If there was a Most Improved Player award handed out at the end of this parliamentary year, it would have to go to the Treasurer Joe Hockey.
Even though he’s been described as a pale imitation of Peter Costello (who in turn was a pale imitation of Paul Keating), Hockey has been the standout parliamentary performer.
That’s not to say he didn’t start from a low base: the sobriquet ‘Sloppy Joe’ stuck for a reason. Hockey was an ill-disciplined shadow treasurer, not always on top of his brief and very bad at fudging when he didn’t know the answer.
But three months since the federal election, Hockey’s the only minister to look truly comfortable in his new role.
He seems to relish the highwire act, reeling off numbers and econo-jargon while simultaneously lambasting Labor and entertaining the Coalition troops with jokes that would have been considered gauche when he was shadow treasurer.
In a weird twist on the laws of physics, the incredible shrinking Treasurer has grown quickly into his role. And he may well be the only thing that will stop voters from marching on the Australian Competition and Consumer Commission to demand a refund for the dud government they chose in September.
It’s early days yet, but voters are registering through the opinion polls some uneasiness about the new Abbott Government. They’re not sure if what they got matches the picture on the box. Voters were promised a strong, stable and dependable government with no surprises and no excuses. Instead they’ve been surprised day after day with broken promises and a battalion of blame levelled at the unions (for the demise of Holden), the media (for not ‘understanding’ the Gonski backflip) and even the Indonesians (for not doing their bit to stop the boats).
The previous Labor government is being blamed for pretty much everything else including the Very Big Deficit, which Joe Hockey unveiled yesterday as part of the Mid Year Economic and Fiscal Outlook (MYEFO). Hockey’s ability to sell the deficit as the product of Labor’s incompetence and not the Coalition’s profligacy will determine how the federal budget will be received by the Australian people in May next year.
It’s important to note that none of the Very Big Deficit numbers will actually be realised; the Abbott Government will take the Very Hard Decisions needed to get the budget back into black.
It’s Hockey’s task to recruit everyday Australians to support this course of action. “We will fix the Budget and deliver a stronger economy,” he said “but it will need a response that has the support and active involvement of the entire Australian community.”
Perhaps hoping to create the same approval for frugality that Kevin Rudd’s “this reckless spending must stop“ engendered in 2007, Hockey stressed that “this is an unsustainable fiscal position and the government is committed to taking the hard decisions to live within its means”. He said that given the choice between expenditure cuts and tax increases, he would choose the former.
Treasurer Joe Hockey and Finance Minister Mathias Corman release the Mid Year Economic and Fiscal Outlook yesterday. Image via news.com.au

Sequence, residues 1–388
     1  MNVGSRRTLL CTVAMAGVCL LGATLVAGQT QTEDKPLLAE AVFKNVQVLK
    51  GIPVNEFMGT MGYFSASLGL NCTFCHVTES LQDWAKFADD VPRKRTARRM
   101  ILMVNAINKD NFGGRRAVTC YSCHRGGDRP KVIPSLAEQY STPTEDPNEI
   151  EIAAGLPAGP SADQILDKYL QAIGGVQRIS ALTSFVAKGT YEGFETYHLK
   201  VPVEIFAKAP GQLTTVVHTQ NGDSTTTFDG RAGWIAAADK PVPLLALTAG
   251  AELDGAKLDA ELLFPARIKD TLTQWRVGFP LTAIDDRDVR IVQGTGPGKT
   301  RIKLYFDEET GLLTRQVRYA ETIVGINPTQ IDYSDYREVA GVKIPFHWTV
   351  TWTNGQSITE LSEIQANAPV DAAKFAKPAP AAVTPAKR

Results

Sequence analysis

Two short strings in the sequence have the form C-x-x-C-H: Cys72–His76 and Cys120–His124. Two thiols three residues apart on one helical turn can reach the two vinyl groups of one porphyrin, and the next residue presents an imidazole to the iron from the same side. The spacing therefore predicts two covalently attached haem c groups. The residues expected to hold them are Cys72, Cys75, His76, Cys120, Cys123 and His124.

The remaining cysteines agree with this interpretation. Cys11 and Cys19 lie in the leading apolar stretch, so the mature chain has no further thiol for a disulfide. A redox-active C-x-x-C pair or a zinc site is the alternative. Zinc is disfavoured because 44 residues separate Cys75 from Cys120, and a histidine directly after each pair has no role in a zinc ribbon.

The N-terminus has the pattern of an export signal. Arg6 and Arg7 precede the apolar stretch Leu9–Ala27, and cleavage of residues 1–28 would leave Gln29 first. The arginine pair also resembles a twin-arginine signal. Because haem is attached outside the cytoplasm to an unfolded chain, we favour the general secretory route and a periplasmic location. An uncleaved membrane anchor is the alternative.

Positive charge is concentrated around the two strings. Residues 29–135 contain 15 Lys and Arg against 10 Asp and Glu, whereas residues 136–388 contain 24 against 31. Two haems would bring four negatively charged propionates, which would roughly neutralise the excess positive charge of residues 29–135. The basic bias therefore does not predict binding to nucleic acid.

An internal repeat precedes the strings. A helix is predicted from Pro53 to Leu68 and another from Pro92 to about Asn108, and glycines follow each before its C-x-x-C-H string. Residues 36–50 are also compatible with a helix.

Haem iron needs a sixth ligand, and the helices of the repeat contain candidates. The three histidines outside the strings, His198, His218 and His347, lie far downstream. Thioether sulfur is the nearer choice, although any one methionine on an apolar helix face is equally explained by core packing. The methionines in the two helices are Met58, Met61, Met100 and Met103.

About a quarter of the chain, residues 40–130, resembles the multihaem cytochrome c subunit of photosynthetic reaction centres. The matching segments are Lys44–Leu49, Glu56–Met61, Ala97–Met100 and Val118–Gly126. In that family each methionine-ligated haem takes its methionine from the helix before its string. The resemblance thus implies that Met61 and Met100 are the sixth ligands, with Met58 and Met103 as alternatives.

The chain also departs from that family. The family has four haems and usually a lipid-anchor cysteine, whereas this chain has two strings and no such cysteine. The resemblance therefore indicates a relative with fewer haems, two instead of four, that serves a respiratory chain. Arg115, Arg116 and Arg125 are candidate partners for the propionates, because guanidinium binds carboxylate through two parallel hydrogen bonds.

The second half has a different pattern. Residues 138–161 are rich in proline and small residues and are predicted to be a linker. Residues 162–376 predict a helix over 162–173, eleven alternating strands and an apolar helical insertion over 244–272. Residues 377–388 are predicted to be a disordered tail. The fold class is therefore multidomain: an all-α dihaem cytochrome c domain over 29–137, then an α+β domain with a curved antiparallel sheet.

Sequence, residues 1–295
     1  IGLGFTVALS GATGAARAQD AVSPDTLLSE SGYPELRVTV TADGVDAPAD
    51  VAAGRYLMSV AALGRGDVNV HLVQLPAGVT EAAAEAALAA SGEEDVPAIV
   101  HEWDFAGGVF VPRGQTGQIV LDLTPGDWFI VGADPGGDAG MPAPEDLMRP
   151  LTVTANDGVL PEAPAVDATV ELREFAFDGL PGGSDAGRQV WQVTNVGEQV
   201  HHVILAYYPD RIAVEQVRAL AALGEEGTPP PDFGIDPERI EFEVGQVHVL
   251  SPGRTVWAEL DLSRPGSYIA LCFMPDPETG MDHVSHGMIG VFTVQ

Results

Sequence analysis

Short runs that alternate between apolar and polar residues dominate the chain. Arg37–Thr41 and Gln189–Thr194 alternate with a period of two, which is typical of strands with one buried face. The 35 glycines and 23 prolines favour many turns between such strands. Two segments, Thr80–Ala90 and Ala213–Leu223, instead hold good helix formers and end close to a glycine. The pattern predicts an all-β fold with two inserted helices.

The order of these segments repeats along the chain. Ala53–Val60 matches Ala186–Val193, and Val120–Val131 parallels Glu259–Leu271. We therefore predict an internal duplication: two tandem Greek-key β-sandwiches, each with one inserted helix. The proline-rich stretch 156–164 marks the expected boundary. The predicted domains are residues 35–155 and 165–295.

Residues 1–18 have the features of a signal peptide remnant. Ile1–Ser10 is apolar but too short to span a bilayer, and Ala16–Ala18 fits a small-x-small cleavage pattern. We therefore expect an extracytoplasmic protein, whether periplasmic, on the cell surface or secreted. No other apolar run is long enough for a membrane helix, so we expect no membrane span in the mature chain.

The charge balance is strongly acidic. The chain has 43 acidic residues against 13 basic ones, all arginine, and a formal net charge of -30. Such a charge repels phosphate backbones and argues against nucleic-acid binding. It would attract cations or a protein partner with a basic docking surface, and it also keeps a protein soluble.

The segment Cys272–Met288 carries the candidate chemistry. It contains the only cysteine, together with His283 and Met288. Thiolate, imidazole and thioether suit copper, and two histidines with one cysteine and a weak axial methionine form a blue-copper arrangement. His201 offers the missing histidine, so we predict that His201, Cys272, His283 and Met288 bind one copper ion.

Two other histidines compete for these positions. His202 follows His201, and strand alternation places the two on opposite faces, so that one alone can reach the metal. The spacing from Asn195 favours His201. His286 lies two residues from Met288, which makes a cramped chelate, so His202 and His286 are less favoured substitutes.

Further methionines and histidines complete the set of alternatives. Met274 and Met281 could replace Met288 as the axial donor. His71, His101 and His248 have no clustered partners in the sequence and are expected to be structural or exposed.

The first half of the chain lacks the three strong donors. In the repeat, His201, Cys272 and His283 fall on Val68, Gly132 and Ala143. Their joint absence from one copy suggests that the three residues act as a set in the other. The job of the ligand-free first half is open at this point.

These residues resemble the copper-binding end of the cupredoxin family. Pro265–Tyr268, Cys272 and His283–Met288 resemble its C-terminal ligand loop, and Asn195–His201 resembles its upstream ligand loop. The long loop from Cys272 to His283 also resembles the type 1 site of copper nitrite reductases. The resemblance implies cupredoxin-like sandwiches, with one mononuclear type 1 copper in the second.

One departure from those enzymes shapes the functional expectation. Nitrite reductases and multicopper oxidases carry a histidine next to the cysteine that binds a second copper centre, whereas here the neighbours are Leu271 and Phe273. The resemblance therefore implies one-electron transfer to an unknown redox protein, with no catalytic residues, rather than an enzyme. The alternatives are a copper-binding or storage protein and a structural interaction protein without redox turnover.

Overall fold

“If we want a dynamic, modern economy that delivers ongoing rises in living standards, the heavy lifting of deficit reduction will have to come from spending restraint rather than from a raft of new taxes.
“No country ever taxed itself to prosperity,” Hockey intoned. This is expectations-management-speak for “we’ll break promises and cut spending in the budget next year but it will all be Labor’s fault”. And this is despite having admitted the economic slowdown from the passing of the mining boom contributed to more than half the deterioration in the budget.
As is often the case in politics, what was not said during Hockey’s pronouncements on MYEFO could be more important that what was. The Treasurer recommitted to quarantining funds for health, education and defence, but not the manner in which they would be spent. Everything else is ‘on the table’, exposed to the gimlet eye of the Commission of Audit.
In a clear acknowledgment that opinion polls are biting more sharply than they should this early in the electoral cycle, Hockey concluded his MYEFO address by calling on voters to support the government’s march towards fiscal righteousness. “Over the next few months Australians will be asked to accept the decisions that help to make our quality of life sustainable.”
It’s highwire politics to vest community acceptance of what is expected to be a particularly tough budget in the resilience of voters’ trust in Hockey. But that seems to be the government’s strategy. One or two small stumbles between now and next year’s budget may be enough to relegate the Treasurer back to Sloppy Joe status.
But if Hockey continues to evolve into a strong and confident Treasurer, cultivating the respect and trust of voters, Australians may well accept that this budget is the one we had to have.
If so, things may start to get very interesting for the unpopular and distrusted Prime Minister, Tony Abbott.
MORE ARTICLES BY PAULA MATTHEWSON
*Paula Matthewson has worked in and around federal politics for nearly 25 years, variously as a media adviser and lobbyist but now as a freelance writer. She’s been tweeting and blogging about politics, the media and social media since 2009, and in 2013 founded the popular group blog AusOpinion. She blogs at Drag0nista’s Blog and tweets as @Drag0nista.